By The Star Tribune
It's a year of reinvention at the Walker Art Center, and who better to throw a party for Minneapolis' beloved modern-art museum than the ever-changing David Byrne?
The former Talking Heads frontman headlines the annual Rock the Garden concert today at the Walker, which is closed for renovations until well into next year. Patrons can still stroll the sculpture garden, but the white halls inside are dark.
Byrne himself has seemingly been under construction since the Talking Heads last worked together in 1989. His eight proper solo albums have varied from Latin dance to lush Scottish ballads to the opera-styled pop of his latest CD, "Grown Backwards."
Talking by phone from the road, Byrne, 52, said this kind of shape-shifting is "good for artistic business."
"Artists have to put themselves on the line and in uncomfortable positions a lot of times to stay awake, to avoid getting into a rut," he said.
For Byrne, the constant remolding of his style and sound has come at a price. None of his solo works has seen the kind of commercial attention as the Heads' albums. The singer joked that he "lost a lot of fans right off the bat" by not sticking to the same tune.
"My first record after the Talking Heads was an all-Latin record [1989's 'Rei Momo'], and my second was a symphonic soundtrack [1991's 'The Forest'], so I think I pretty well cleared the deck with those," he said, laughing.
"Grown Backwards" is yet another step in a new direction for Byrne, who covered two opera compositions for the album and used string musicians throughout. But the album is actually more accessible than a lot of his odder works. His ultra-wry sense of humor shines through in songs like "The Man Who Loved Beer," and his knack for blending smart, upbeat dance tunes with pretty ballads is still evident. Even the reworking of the Bizet piece "Au Fond du Temple Saint" -- featuring young piano-popper Rufus Wainwright as a duet partner -- works on a basic pop level.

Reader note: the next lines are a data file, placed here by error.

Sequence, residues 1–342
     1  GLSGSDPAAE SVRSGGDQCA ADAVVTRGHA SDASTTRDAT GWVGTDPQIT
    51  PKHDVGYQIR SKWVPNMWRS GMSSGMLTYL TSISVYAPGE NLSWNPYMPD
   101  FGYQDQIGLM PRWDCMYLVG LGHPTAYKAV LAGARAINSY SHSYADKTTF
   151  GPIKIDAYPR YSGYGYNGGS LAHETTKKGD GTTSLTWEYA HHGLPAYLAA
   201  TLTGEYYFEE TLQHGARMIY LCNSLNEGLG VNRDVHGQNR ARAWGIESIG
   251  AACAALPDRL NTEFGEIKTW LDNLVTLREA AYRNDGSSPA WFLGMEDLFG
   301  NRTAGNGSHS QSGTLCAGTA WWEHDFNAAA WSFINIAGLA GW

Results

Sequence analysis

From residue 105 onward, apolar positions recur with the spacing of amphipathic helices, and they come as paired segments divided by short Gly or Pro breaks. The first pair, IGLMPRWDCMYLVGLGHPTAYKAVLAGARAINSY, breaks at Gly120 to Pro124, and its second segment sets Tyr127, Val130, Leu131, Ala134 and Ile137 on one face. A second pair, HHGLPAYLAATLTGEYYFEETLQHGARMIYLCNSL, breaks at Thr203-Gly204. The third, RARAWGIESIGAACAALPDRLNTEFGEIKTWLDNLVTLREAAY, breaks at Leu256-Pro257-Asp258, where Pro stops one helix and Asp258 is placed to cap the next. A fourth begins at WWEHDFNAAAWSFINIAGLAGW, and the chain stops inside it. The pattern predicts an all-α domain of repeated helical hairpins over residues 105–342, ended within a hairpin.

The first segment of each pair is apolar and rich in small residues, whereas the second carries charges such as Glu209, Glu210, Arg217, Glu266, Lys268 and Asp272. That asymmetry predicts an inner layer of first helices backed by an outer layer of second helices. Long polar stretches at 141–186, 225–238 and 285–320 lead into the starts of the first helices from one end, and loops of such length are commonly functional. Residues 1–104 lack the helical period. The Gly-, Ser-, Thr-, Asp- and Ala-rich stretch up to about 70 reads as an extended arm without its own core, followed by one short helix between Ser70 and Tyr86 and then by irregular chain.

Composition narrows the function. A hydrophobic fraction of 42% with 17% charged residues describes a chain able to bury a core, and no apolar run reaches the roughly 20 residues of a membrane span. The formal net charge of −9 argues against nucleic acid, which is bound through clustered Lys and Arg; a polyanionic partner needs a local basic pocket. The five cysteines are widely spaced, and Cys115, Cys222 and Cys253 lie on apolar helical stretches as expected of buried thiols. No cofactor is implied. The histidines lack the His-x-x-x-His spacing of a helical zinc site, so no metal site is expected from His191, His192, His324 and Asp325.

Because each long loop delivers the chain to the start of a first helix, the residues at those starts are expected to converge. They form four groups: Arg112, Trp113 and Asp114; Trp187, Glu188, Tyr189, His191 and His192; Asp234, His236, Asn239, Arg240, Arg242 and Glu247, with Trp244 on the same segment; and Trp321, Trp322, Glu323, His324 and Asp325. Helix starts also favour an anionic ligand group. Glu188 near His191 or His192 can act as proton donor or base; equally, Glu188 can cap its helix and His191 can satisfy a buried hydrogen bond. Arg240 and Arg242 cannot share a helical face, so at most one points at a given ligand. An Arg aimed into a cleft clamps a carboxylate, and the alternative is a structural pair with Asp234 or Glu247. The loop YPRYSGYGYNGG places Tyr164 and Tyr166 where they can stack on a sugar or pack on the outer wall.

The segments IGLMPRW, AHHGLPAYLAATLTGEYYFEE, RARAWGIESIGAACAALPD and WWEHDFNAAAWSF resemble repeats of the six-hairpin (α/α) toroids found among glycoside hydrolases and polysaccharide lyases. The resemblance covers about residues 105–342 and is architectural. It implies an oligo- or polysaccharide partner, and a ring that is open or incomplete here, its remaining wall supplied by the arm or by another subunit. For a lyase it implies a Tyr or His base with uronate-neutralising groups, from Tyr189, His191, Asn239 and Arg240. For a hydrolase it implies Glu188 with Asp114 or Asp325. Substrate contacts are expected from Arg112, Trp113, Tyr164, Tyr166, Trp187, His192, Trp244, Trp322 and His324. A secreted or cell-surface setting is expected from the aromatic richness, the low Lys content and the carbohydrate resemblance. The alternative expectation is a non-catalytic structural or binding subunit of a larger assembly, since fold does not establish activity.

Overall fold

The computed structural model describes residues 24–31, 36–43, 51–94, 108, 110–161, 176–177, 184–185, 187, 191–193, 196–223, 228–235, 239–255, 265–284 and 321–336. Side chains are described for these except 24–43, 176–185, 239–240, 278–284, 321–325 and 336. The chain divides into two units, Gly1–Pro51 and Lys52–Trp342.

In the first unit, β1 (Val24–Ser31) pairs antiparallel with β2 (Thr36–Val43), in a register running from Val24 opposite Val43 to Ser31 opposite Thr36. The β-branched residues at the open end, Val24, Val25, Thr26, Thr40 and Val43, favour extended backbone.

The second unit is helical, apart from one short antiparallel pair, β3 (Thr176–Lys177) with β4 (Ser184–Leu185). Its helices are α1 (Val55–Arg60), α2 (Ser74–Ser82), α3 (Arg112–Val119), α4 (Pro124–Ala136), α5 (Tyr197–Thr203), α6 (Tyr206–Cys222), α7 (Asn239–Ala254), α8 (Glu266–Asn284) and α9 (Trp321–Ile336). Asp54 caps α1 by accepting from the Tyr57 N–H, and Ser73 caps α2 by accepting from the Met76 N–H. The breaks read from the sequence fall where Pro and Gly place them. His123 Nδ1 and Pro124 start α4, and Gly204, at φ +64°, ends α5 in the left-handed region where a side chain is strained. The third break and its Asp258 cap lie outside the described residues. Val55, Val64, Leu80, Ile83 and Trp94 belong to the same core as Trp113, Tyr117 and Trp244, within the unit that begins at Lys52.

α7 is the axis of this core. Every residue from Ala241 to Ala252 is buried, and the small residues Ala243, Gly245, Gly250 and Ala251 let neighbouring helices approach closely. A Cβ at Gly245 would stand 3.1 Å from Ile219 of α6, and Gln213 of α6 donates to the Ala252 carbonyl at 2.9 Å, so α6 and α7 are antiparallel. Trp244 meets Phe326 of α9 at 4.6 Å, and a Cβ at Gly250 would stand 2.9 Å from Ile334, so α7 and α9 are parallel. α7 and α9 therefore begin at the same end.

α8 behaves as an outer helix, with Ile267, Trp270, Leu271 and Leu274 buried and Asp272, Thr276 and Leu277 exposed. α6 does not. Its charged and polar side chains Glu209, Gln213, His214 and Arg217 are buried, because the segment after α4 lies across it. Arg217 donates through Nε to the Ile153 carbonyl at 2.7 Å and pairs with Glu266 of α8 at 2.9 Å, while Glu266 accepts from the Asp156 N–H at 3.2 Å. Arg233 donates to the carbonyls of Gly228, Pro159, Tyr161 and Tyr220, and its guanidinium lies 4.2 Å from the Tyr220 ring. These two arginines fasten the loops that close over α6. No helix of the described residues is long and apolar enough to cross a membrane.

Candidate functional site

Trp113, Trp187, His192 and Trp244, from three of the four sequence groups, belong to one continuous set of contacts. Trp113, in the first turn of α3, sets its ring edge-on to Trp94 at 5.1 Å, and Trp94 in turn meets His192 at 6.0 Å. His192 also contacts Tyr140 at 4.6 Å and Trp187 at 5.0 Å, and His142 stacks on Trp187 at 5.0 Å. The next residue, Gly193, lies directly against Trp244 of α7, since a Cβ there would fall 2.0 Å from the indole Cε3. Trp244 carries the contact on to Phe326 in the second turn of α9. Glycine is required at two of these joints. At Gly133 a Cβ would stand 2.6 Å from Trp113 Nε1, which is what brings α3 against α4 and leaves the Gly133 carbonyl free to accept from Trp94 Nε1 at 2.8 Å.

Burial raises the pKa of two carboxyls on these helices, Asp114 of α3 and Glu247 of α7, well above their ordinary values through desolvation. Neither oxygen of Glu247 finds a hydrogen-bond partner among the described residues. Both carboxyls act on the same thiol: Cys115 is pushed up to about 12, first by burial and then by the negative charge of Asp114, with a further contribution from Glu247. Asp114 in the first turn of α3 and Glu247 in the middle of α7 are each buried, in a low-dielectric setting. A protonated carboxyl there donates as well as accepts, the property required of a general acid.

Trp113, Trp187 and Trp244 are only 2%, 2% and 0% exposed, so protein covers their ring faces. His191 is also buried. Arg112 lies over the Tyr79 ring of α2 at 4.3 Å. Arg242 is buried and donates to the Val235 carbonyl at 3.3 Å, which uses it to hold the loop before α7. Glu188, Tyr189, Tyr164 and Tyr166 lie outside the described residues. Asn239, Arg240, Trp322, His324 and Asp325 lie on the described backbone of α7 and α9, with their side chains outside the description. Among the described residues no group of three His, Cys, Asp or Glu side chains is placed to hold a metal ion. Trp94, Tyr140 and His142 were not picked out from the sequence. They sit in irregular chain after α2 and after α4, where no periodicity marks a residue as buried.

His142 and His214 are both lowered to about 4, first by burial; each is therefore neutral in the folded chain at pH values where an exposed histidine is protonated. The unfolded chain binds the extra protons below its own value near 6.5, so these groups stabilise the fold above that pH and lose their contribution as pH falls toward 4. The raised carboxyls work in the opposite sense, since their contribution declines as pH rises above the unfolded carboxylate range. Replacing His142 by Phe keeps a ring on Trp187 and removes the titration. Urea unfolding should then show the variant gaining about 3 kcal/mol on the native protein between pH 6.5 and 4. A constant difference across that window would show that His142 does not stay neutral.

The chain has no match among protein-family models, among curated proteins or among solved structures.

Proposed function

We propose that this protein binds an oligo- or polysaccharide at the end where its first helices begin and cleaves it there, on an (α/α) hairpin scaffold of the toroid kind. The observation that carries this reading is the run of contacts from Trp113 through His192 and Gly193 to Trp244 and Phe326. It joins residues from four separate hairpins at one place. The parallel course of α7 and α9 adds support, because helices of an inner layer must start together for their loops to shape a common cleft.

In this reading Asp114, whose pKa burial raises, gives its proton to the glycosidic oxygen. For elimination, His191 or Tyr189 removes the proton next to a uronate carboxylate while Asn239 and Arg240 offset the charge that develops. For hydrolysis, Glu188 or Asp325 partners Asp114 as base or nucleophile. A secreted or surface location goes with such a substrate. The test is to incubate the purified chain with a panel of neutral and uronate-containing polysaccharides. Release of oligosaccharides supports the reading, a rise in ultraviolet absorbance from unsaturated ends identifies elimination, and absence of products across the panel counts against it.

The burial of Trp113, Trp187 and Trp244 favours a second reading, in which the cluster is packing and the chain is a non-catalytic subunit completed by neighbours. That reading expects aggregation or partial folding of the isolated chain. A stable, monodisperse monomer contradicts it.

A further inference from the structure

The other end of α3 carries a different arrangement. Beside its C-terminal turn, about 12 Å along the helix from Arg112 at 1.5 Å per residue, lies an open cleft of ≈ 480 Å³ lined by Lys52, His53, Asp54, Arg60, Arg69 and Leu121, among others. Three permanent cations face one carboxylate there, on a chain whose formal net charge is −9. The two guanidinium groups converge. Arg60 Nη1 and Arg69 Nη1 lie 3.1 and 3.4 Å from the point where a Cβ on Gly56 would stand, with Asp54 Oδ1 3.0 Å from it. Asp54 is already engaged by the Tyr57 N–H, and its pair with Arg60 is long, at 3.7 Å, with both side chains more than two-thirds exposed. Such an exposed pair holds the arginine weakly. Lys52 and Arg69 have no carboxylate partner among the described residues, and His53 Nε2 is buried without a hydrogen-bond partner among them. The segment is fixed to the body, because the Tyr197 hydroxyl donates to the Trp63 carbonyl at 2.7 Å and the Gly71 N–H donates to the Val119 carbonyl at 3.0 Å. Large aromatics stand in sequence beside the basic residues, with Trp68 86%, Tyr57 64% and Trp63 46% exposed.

"I think I'm getting better at integrating my various elements and urges and making them into things that are more cohesive," he said, adding, "Asking Rufus to do that was a no-brainer, because his voice is so operatic already."
For the album and tour, Byrne enlisted a hip chamber group from Austin, Texas, called the Tosca Strings. The Tosca clan got its start playing tango tunes in a rockabilly club, a fact that attracted Byrne when they first hooked up in 2001.
"They're a real group -- like a band, really -- and you can tell it when you hear them," Byrne said.
Tosca is enough of a band, Byrne said, to bring new life to some of the old Talking Heads tunes that he's playing on tour. But as usual, he said that doing a few old songs at each show is as close as he'll get to revisiting his old band, which was inducted into the Rock and Roll Hall of Fame last year.
"I think nostalgia is a sad thing. I really do," he said, leaving it at that.
Byrne was a bit nostalgic for the times he has worked at the Walker Art Center -- namely in 1988, when he produced "The Knee Plays" there with director Robert Wilson. He said he finds the Walker "surprisingly cutting-edge."
"It doesn't surprise me, but many people can't believe that there can be cutting-edge stuff like that in middle America," he said. "I think it's great that it's not like an elitist museum. People feel comfortable there. I think the Walker has helped people more comfortable with arts in general in the Twin Cities than they do in other cities."
And how does he feels about the Walker's renovations?
"It's good to start anew," he said.